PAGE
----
Sonoma Juvenile Complex
(07/02/2010)

Photos courtesy of Sonoma County.

SANTA ROSA, Calif. — Sonoma County supervisors approved the installation of a $4.6 million clean energy system at the Los Guilicos Juvenile Justice Center.

The county plans install a 750-kilowatt solar energy system as part of a comprehensive $22 million program to reduce the budgetary and environmental impact of public buildings throughout Sonoma.

After covering the costs of the project, the county could save more than $3 million over the projected 25-year lifecycle of the system, according to reports. The planned photovoltaic system will also reduce greenhouse gas emissions by an estimated 660 tons per year as officials attempt to cut countywide carbon emissions to 1990 levels by 2015.

“At a time when the county budget is strained, this endeavor will reduce our costs and our climate impact,” says Valerie Brown, chair of the county board of supervisors.

The renewable energy system consists of 3,750 rooftop and ground-mounted photovoltaic panels that will supply up to 40 percent of the electricity needed to operate the 12-building juvenile justice campus.

The justice center, which sits on a 60-acre site on the outskirts of Santa Rosa, features the juvenile courts, a detention facility and residential children’s facility and a range of support structures. Designed by San Francisco-based architects Design Partnership, the multi-purpose justice center was constructed in 2006 at a cost of $38 million. Lathrop Construction Associates, based in Benicia, served as the general contractor on the project, which was master-planned for a solar array development.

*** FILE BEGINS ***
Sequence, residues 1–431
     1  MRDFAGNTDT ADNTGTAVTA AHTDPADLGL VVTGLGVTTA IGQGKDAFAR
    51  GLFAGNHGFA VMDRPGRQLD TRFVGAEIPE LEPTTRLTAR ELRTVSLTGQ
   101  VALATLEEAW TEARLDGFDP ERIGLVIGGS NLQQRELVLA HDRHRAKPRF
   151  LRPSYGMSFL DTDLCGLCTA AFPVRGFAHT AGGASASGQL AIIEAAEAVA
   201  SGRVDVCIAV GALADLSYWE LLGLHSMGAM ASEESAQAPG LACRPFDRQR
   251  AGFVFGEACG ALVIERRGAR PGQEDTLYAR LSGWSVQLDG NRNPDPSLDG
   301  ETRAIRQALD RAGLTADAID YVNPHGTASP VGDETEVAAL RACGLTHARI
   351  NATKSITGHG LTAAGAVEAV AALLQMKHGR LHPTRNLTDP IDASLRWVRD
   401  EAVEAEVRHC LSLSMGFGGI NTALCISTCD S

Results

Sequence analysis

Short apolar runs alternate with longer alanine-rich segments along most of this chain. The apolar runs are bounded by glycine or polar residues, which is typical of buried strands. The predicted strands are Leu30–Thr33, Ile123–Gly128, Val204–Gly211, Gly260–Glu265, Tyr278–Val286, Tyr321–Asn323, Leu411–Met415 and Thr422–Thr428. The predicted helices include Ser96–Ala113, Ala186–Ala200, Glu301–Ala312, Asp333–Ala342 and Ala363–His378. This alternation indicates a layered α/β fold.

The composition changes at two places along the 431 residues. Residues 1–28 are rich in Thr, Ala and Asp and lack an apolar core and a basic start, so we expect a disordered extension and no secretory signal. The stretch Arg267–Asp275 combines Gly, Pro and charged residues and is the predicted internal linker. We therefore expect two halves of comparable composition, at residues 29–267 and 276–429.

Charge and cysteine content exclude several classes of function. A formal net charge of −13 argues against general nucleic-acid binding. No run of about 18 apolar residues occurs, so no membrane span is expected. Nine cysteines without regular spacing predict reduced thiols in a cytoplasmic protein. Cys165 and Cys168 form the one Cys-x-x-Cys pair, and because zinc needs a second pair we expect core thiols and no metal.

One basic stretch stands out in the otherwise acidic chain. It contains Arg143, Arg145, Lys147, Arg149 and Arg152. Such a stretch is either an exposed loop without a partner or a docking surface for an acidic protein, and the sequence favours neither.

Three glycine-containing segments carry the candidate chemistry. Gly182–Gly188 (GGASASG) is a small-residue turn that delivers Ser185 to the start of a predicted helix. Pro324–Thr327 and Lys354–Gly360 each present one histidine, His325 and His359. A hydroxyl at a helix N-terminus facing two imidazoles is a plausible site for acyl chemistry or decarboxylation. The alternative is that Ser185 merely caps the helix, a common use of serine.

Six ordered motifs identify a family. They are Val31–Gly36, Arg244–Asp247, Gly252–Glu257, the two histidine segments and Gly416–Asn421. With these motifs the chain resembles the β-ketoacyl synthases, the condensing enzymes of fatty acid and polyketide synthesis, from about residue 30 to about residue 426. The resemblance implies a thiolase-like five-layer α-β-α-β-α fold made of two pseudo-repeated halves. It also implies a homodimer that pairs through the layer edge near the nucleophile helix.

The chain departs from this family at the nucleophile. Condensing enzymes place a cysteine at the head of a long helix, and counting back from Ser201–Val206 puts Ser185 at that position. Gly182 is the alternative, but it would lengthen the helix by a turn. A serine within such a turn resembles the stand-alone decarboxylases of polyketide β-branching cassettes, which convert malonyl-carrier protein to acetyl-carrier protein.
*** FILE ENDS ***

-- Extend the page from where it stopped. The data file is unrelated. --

The 140-bed juvenile detention facility incorporates seven 20-bed single-and double-occupancy housing units with educational and recreational space, and a pretrial dormitory. Campus support facilities include a dedicated medical building.

The two-story, 32,000-square-foot courthouse section of the justice center houses two courtrooms, a secure court holding area, court offices and staff support facilities, as well as office space for the district attorney and probation services.

“The juvenile hall will have 80 percent of its energy needs provided by a clean renewable source, the sun, and at a reduced price,” says Jose Obregon, director of county general services.

One of the largest solar generation projects in the state, the solar installation is being developed in partnership with Sacramento-based Aircon Energy, according to reports.

About $3.4 million of the $4.6 million project will be sourced via two clean energy bonds issued by the county and savings that accrue from a power purchase agreement with Aircon Energy. The county will also receive about $700,000 in federal funds under the American Recovery and Reinvestment Act. An additional $480,000 will come from county funds set aside for greenhouse gas mitigation measures.

The public-private partnership deal with Aircon will save an estimated 30 percent per watt as the county pays less than $6 per watt instead of $8 per watt, with surplus electricity being directed back into the grid to generate additional savings for the county, Obregon says.

The Los Guilicos solar installation, which is scheduled to come online by the end of the year, is one of 38 energy efficiency projects planned for 24 county buildings. The efficiency retrofit program, which includes the replacement and upgrade of aging and inefficient lighting, mechanical and plumbing systems, could save the county more than $40 million in energy costs, officials say.

Aircon Energy

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